Classifying Text

Now I have to turn this list of strings into a DTM. Fortunately, scikit-learn comes with a number of "feature extraction" tools to make this easy:

from sklearn.feature_extraction.text import CountVectorizer

cv = CountVectorizer()
cv_dtm = cv.fit_transform(input_text)

CountVectorizer isn't the only way to create a DTM. Indeed, there are different strategies you can use. Among other things, the granularity of one word, rather than multiple words, might not be appropriate for your text.

Notice that I use cv.fit_transform. This both teaches the vectorizer the vocabulary ("fit") and produces a DTM. I can create new DTMs with this same vocabulary using just "transform"—and I will indeed do this in a little bit, when I want to make a prediction or two.

Creating a Model

Now I have my inputs in a format that can be used to create a model! You potentially can use a number of algorithms, but one of the most common (and surprisingly accurate) is Naive Bayes. Scikit-learn actually comes with several different versions of Naive Bayes. The one that I use here is called MultinomialNB; it works well with this sort of textual data. (But, of course, it's generally a good idea to test your models and even tweak the inputs and parameters to squeeze better results out of them.) Here's how I create and then train my model:

from sklearn.naive_bayes import MultinomialNB
nb = MultinomialNB(), input_text_categories)

Notice that I've used "fit" twice now: once (on CountVectorizer) to train and create a DTM from the input text and then (on MultinomialNB) to train the model based on that DTM.

The model is now all set! Now I can make some predictions. I'll create some new documents:

docs_new = ['class Foo(object):\nprint "Hello, {}".format(\n',
            'x = [10, 20, 30]\n',
           '10.times do {|i| puts i}']

The docs_new variable contains three strings: the first is in Python, the second could be either Ruby or Python, and the third is in Ruby.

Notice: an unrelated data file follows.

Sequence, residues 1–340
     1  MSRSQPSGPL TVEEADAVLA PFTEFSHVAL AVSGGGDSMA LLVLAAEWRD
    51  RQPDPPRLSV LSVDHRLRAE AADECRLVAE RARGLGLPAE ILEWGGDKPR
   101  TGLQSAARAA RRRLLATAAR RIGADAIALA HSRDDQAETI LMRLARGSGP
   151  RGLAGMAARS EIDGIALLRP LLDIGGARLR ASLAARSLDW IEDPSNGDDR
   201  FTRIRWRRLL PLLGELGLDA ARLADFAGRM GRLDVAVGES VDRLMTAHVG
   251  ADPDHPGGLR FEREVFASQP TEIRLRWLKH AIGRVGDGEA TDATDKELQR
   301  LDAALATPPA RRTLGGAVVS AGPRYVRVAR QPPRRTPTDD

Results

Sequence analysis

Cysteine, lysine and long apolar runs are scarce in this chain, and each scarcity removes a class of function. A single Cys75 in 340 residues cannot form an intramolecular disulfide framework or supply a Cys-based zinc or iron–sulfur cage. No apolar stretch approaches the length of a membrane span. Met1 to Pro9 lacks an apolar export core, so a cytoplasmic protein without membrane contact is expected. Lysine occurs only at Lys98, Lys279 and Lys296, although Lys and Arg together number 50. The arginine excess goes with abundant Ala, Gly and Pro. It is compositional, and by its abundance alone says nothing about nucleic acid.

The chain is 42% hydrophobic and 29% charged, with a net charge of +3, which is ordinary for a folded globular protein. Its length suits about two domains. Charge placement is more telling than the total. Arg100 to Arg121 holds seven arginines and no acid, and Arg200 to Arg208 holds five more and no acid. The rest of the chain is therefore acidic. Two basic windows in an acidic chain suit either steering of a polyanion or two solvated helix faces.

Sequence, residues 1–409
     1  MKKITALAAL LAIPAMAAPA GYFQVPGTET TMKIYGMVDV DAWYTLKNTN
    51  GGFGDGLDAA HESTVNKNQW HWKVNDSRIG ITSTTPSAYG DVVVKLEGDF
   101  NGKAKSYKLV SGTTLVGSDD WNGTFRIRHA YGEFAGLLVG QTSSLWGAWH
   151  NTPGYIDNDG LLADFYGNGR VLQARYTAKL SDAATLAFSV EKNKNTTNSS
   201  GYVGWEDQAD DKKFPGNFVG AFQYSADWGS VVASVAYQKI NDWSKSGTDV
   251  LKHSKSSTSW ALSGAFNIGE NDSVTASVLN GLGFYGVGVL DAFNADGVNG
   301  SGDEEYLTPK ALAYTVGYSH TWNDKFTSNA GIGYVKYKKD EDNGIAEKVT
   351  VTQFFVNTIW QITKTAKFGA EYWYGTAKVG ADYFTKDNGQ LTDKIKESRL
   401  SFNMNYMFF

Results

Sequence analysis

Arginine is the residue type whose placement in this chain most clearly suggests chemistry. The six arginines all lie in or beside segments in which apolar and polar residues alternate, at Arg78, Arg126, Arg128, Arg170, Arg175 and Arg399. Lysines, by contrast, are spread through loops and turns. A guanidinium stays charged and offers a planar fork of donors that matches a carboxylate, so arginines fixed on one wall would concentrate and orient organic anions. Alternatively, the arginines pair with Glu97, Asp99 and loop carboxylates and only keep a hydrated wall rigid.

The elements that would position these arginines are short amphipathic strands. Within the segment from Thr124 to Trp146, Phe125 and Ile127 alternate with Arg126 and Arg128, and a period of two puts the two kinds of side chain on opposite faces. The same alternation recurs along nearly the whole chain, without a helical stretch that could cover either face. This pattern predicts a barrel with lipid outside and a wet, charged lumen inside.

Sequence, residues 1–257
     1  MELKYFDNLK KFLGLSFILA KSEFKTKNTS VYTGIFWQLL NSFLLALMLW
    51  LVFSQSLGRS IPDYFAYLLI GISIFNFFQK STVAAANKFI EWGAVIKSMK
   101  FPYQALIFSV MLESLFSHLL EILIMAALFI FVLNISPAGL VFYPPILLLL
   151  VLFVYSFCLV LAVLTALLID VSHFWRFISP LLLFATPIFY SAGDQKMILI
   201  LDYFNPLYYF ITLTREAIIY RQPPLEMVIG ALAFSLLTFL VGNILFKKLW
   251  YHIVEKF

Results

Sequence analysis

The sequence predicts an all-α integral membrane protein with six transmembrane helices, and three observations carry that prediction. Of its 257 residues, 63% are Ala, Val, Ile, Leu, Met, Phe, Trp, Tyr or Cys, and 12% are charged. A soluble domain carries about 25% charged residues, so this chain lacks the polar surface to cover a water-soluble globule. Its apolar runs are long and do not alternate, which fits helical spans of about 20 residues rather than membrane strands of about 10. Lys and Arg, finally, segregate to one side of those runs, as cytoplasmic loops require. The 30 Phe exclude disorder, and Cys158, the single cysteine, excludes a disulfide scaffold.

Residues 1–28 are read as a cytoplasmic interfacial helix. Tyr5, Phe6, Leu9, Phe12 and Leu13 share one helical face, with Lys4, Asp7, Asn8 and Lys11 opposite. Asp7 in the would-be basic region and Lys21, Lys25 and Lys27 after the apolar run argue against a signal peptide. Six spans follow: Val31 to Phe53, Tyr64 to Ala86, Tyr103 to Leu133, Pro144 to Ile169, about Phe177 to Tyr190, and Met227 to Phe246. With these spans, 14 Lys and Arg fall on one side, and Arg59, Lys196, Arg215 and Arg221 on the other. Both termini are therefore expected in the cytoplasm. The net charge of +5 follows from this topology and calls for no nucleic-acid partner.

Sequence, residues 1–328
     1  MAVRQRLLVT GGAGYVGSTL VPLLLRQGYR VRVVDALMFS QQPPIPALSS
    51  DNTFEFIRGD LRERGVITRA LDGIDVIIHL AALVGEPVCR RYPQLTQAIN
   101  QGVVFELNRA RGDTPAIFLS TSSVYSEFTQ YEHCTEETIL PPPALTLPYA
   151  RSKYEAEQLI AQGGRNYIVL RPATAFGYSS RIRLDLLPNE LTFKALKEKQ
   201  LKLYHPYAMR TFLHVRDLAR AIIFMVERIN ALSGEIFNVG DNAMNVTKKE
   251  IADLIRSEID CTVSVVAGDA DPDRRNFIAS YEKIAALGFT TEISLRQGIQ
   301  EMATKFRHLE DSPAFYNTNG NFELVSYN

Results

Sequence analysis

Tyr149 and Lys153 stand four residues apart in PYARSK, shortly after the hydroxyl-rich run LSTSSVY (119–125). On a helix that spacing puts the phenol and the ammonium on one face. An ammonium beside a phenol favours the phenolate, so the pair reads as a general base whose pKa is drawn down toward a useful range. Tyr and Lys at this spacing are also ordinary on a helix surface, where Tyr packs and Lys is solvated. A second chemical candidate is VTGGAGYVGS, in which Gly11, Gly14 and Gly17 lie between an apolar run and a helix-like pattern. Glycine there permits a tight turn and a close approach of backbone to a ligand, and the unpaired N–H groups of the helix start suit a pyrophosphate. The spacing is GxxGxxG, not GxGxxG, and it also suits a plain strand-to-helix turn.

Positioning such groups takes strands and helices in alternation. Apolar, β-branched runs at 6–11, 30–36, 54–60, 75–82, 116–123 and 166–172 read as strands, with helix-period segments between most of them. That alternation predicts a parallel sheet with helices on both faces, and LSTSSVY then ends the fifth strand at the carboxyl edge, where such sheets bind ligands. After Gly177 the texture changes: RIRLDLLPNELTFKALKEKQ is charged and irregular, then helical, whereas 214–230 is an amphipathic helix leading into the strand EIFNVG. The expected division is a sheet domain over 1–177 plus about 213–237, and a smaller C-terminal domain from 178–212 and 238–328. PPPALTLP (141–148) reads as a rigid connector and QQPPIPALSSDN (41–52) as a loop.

To see how the model categorizes them, I'll first need to create a DTM from these documents. Note that I'm going to reuse cv, the CountVectorizer object. However, I'm not going to use the "fit" method to train it with a new vocabulary. Rather, I'm going to use "transform" to use the existing vocabulary with the new documents. This will allow the model to compare the documents with the previous ones:

docs_new_dtm = cv.transform(docs_new)

Now to make a prediction:


The output is:

array([1, 1, 0])

In other words, the first two documents are seen as Python, and the third is seen as Ruby—not bad, for such a small training set. As you can imagine, the more documents with which you train, the more accurate your categorization is likely to be.

I tried a slight variation on the above code with the "20 newsgroups" data set, using 20,000 postings from 20 different Usenet forum postings. After using CountVectorizer and MultinomialNB just as I did here, the model was able to predict, with a surprisingly high degree of accuracy, the most appropriate newsgroup for a variety of sentences and paragraphs.

Of course, as with everything statistical—including machine learning—the success rate never will be 100%. And indeed, you can (and probably will want to) update the model, tuning the inputs and the model's hyperparameters to try to improve it even more.


Document categorization is a practical application of machine learning that a large number of organizations use—not just in spam filters, but also for sorting through large volumes of text. As you can see, setting up such a model isn't especially difficult, and scikit-learn provides a large number of vectorizers, feature extraction tools and estimators that you can use to create them.


I used Python and the many parts of the SciPy stack (NumPy, SciPy, Pandas, Matplotlib and scikit-learn) in this article. All are available from PyPI or from